It's funny. You prepare and you do your research and you're ready for the worst when going in for major surgery. But that's the easy part. What they don't tell you is what happens afterward.
When you get your face cracked open, you expect that there will be massive swelling, nasty bruises and grotesque stitches. You mentally prepare yourself for that, and when it happens, it's not quite as bad as you thought it would be. You figure that once your jaw gets unwired and the physical signs of the procedure are gone, you're home free.
If you want the truth, I would gladly go back to having my jaw wired shut right now. Because the moment the wires came off was when things started getting difficult.
I expected that it would be tough to eat for awhile, but not for as long as it has been. I still can't eat anything chewy or hard (raisins or fresh vegetables, for instance), because I literally can't chew it. And it's been more than two and a half months since the surgery now.
I expected that my mouth would have a limited opening for awhile, but I didn't expect that getting my range of motion back would be such a painful, slow struggle.
I expected that I would have some pain and that I might be tired, but I didn't expect that every physical action would be so exhausting.
Anesthetic stays in your body for up to a year after surgery. It slows you down, you forget things, you lose your train of thought, you stumble into doorways, and you get tired easily. After major surgery, your immune system is compromised, you're more susceptible to viruses and they hit you a lot harder than they did before.
You go to the mirror and see someone staring back at you who looks fantastic and you can't figure out why she just can't get her shit together already. The surgery is over. The time off work is over. Why is it getting harder instead of easier? What the hell is wrong with me?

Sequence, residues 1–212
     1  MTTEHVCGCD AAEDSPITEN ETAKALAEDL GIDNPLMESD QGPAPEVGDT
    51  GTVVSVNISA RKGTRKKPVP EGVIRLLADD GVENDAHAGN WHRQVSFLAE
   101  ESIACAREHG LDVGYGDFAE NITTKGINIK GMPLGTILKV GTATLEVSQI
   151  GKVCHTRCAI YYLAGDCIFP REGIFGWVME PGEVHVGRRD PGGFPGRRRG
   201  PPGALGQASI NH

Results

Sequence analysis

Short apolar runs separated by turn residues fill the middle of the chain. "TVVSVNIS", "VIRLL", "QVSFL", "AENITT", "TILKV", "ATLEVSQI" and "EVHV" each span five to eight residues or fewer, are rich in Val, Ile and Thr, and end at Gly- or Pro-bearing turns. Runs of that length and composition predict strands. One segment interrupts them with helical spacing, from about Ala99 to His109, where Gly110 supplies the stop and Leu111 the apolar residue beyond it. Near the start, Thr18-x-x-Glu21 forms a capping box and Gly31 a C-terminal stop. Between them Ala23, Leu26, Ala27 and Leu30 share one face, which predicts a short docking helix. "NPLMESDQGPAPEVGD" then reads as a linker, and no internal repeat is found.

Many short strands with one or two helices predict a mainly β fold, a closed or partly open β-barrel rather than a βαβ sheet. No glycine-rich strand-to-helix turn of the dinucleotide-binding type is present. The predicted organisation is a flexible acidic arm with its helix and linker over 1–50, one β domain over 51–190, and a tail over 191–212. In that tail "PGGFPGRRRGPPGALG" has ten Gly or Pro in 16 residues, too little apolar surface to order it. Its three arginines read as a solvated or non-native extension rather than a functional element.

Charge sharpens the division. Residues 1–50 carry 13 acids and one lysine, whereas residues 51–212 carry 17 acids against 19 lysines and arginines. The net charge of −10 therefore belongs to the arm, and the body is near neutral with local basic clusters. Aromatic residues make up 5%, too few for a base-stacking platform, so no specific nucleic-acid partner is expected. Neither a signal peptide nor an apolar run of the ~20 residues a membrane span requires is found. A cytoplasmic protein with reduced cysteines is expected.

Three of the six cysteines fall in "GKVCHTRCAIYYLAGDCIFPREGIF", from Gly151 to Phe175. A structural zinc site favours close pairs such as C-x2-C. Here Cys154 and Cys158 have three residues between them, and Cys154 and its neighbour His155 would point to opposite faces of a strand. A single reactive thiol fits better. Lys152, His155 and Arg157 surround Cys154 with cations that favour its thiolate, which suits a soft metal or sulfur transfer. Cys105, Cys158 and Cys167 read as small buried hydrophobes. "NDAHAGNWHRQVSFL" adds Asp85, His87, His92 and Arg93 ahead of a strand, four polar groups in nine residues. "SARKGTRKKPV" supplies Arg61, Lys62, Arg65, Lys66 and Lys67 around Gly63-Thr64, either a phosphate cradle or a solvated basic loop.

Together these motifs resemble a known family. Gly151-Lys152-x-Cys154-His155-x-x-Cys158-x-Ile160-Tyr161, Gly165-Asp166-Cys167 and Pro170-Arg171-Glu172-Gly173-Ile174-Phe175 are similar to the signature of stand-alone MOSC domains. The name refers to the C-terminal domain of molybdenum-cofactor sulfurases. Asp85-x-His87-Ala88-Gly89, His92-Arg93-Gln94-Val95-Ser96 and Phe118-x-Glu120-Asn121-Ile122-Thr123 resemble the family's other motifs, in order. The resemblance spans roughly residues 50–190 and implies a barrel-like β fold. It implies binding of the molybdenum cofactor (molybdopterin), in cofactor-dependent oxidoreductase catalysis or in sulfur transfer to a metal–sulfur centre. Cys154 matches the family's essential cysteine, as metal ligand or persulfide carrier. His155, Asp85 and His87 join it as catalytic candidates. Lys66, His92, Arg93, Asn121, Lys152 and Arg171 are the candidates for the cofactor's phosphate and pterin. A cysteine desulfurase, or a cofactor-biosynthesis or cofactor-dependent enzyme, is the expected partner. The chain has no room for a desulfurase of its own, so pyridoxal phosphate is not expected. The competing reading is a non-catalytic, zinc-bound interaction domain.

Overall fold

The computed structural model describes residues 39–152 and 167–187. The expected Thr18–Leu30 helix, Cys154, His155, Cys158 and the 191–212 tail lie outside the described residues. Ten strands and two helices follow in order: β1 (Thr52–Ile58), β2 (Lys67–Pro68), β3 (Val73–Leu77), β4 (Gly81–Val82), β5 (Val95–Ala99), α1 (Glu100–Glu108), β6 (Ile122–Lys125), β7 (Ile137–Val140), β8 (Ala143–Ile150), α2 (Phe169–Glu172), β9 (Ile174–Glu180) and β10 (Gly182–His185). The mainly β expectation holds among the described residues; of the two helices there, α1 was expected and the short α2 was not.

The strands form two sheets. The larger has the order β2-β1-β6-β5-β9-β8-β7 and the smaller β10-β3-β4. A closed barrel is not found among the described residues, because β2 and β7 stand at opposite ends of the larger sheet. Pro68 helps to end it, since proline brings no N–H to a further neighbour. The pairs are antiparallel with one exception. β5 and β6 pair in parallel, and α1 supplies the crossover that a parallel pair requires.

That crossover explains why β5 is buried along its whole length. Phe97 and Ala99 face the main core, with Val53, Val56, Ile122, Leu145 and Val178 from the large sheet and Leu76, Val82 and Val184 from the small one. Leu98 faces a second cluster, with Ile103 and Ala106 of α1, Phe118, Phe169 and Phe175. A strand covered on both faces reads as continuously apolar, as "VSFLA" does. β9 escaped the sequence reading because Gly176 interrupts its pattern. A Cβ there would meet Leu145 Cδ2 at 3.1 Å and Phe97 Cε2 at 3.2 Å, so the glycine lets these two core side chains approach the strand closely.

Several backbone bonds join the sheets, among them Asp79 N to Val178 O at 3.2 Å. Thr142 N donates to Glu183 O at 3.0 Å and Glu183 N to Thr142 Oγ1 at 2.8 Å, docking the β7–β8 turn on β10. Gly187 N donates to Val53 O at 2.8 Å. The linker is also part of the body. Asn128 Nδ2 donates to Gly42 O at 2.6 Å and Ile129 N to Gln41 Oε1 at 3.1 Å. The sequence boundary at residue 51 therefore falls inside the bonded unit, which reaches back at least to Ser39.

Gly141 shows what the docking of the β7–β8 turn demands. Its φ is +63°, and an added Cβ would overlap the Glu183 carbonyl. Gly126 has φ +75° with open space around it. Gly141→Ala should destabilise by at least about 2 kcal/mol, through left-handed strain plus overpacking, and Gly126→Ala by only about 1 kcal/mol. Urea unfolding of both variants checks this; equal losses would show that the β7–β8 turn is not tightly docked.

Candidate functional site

One day, I posted this status on Facebook: "Savia looks absolutely fabulous but feels utterly miserable." It's rare that I have a status that is less than racy or bizarre, so a friend of mine who had major brain surgery a few years ago responded with concern. I wrote him back:
It's the post-surgery stuff. Everyone is so supportive when you're just out of surgery and you look like hell. Flowers, cards, understanding, etc. But once you look okay, they forget that you've been through this major procedure and treat you like you're back to normal. But you're not.
I'm finding right now to be one of the most difficult times because I look great - you'd never know I had surgery. However, I'm so tired and everything is an effort. I misplace things, use the wrong words, forget what I'm doing, etc. Stupid anesthetic brain. Anyway, it's tough.
How long was it for you until you felt fully functional after surgery?
His response was right on the mark:
How long? In my case, I'm still waiting....The way I thought about what you're describing was to re-pronounce the word 'invalid' - i.e. as 'valid' with a prefix, meaning 'not a valid person.' I suspect that like mine, your inner person is seeking validation for the experience and the way it's making her feel. How to find validation? I dunno. Is it frivolous to suggest dark eye shadow UNDER the eyes, a sallow make-up foundation, and a carefully understated limp?It felt good to talk to someone who knows what this is like. These days, I just feel frustrated. Frustrated that I can't do everything that I could do before. Frustrated that anything that contributes to my stress levels becomes unmanageable quickly. Frustrated that just when I think I'm doing okay, something as simple as chanting in a mellow yoga class re-injures my jaw and leaves me with crippling migraines for four days straight.
Frustrated that the people around me respond, if at all, with patronization or their own frustration at my lack of ability to be my usual high-functioning, overachieving, reliable self.
Frustrated, alienated, alone. Depressed. In-valid.